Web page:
In the case of Lagos vs. the United States, the U.S. Supreme Court ruled that Sergio Fernando Lagos, former CEO of trucking company USA Dry Van Logistics, does not have to reimburse GE Capital the $5 million the company paid to investigate his fraudulent activities. Lagos pled guilty to stealing more than $30 million from GE and was convicted of defrauding GE Capital by borrowing against false invoices.
After Lagos informed the company of the fraud, GE Capital began an internal investigation. As part of that investigation, GE Capital hired forensic experts, financial consultants and several law firms, including two high-powered firms that provided GE Capital with legal advice related to the fraud and represented the company in Dry Van’s bankruptcy proceedings. The costs of GE’s internal investigation and the legal representation totaled almost $5 million.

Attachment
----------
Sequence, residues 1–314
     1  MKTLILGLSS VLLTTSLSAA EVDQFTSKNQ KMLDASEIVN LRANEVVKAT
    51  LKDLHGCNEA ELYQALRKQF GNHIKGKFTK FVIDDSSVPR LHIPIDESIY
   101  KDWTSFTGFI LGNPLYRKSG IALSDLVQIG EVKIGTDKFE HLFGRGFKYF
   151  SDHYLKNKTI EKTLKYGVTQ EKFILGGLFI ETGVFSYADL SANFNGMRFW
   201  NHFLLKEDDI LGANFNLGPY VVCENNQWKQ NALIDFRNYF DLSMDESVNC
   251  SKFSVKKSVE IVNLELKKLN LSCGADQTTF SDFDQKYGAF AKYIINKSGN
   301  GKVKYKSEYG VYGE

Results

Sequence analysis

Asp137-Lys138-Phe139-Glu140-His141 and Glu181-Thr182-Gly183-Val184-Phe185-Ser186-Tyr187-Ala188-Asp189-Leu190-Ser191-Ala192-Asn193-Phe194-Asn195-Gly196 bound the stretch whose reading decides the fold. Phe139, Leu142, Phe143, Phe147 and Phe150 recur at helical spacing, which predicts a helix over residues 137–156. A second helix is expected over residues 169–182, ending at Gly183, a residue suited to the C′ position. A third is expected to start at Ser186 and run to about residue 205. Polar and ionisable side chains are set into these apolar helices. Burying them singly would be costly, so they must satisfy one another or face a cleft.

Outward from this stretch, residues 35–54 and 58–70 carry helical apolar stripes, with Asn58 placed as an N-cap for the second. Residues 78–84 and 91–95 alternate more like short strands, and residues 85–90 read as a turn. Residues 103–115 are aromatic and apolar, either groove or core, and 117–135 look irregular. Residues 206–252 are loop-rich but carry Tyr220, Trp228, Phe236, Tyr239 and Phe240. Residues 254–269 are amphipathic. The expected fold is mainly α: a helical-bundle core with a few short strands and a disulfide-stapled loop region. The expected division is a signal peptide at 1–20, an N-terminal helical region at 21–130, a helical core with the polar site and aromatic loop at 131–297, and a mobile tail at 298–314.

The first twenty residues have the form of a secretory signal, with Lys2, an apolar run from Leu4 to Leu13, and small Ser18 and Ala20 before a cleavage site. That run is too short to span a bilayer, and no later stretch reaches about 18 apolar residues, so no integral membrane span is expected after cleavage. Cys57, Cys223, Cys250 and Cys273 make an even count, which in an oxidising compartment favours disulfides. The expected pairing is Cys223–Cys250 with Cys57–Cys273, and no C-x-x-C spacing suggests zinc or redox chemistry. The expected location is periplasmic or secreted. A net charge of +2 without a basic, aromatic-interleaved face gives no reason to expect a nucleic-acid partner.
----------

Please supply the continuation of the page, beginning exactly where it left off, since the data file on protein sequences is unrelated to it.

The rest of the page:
At sentencing, the court ordered Lagos to reimburse the company for those costs as part of a restitution order under the Mandatory Victims Restitution Act (MVRT). Lagos appealed before the U.S. Court of Appeals for the Fifth District, which upheld the lower court decision. Ultimately, the Supreme Court agreed to hear the case.
The Supreme Court overruled the lower courts, ruling the MVRA, as it stands, contains a provision that allows corporations to be reimbursed for corporate internal investigations and attorney’s fees under a civil proceeding and not, as GE did here, on the criminal sentencing process.